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Academic careers: a cross-country perspective

  • Jürgen Janger
  • Anna Strauss
  • David Campbell

Asymmetric international mobility of highly talented scientists is well documented. We try contributing to the explanation of this phenomenon, looking at the “competitiveness” of higher education systems in terms of being able to attract talented scientists in their field. We characterise countries’ capability to offer attractive entry positions into academic careers using the results of a large scale experiment on the determinants of job choice in academia. Examined areas refer to the level of salaries, quality of life, PhD-studies, career perspectives, research organisation, balance between teaching and research, funding and probability of working with high quality peers. Our results indicate that overall, the US research universities offer the most attractive jobs for early stage researchers, consistent with the asymmetric flow of talented scientists to the US. Behind the US is a group of well performing European countries, the Netherlands, Sweden, Switzerland and the UK. Austria and Germany are next, closely followed by France, which in turn is followed by Italy. Spain and Poland are, according to our results, least able to offer attractive entry positions to an academic career.

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Paper provided by WWWforEurope in its series WWWforEurope Working Papers series with number 37.

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Length: 69
Date of creation: Aug 2013
Date of revision:
Publication status: published
Handle: RePEc:feu:wfewop:y:2013:m:8:d:0:i:37
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Order Information: Postal: WWWforEurope Project Office Austrian Institute of Economic Research Arsenal Objekt 20 A-1030 Vienna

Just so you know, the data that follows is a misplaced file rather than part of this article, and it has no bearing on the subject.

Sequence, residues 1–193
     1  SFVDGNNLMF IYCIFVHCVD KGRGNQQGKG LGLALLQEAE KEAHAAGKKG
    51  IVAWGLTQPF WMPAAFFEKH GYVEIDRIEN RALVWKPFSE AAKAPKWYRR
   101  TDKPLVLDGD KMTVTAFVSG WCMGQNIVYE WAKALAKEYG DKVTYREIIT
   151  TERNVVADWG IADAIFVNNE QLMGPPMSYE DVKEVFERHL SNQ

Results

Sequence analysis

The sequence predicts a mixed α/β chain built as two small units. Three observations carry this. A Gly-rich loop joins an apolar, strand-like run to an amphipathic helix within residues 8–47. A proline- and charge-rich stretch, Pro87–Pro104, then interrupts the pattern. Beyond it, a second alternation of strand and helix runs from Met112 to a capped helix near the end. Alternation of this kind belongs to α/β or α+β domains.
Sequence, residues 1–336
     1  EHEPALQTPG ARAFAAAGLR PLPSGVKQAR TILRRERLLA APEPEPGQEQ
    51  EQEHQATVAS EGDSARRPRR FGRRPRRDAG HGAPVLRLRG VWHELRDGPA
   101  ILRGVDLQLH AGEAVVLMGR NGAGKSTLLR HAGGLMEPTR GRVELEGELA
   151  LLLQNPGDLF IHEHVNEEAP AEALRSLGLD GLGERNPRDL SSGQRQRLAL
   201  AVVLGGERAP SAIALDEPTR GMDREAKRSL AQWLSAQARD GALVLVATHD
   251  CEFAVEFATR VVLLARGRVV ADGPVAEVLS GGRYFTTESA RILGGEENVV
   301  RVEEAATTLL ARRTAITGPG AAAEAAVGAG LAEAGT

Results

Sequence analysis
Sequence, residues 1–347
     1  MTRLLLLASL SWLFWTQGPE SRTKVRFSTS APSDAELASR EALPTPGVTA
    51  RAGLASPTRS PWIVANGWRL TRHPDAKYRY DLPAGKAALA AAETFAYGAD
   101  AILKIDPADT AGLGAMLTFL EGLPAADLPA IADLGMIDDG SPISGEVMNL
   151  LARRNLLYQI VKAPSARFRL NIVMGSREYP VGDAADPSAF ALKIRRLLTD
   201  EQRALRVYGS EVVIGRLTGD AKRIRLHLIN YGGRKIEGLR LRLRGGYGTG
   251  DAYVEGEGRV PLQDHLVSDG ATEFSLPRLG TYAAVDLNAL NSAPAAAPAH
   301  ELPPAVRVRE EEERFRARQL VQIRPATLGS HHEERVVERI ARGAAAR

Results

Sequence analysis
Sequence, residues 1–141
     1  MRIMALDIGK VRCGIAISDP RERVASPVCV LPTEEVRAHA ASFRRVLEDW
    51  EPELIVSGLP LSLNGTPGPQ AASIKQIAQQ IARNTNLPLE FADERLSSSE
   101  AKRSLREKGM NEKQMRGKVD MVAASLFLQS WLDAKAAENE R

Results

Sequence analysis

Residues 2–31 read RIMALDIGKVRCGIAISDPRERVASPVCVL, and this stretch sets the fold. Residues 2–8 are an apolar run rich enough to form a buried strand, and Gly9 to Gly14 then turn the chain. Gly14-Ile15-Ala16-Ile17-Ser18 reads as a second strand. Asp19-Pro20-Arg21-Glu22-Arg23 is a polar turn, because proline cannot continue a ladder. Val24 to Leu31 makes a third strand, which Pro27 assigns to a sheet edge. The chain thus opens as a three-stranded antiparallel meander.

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  1. Hunter, Rosalind S. & Oswald, Andrew J. & Charlton, Bruce G., 2009. "The Elite Brain Drain," IZA Discussion Papers 4005, Institute for the Study of Labor (IZA).
  2. Michele Pezzoni & Valerio Sterzi & Francesco Lissoni, 2009. "Career progress in centralized academic systems: social capital and institutions in France and Italy," KITeS Working Papers 026, KITeS, Centre for Knowledge, Internationalization and Technology Studies, Universita' Bocconi, Milano, Italy, revised 2009.
  3. Rosalind S Hunter, 2009. "The Elite Brain Drain," Working Papers id:2048, eSocialSciences.
  4. Frederic DOCQUIER & Hillel RAPOPORT, 2009. "Documenting the brain drain of « la creme de la creme »: Three case-studies on international migration at the upper tail of the education distribution," Discussion Papers (IRES - Institut de Recherches Economiques et Sociales) 2009031, Université catholique de Louvain, Institut de Recherches Economiques et Sociales (IRES).
  5. Philippe Aghion & Mathias Dewatripont & Caroline Hoxby & Andreu Mas-Colell & André Sapir, . "Higher aspirations: an agenda for reforming European universities," Blueprints, Bruegel, number 1, 3.
  6. Paula Stephan & Chiara Franzoni & Giuseppe Scellato, 2013. "Choice of Country by the Foreign Born for PhD and Postdoctoral Study: A Sixteen-Country Perspective," NBER Working Papers 18809, National Bureau of Economic Research, Inc.
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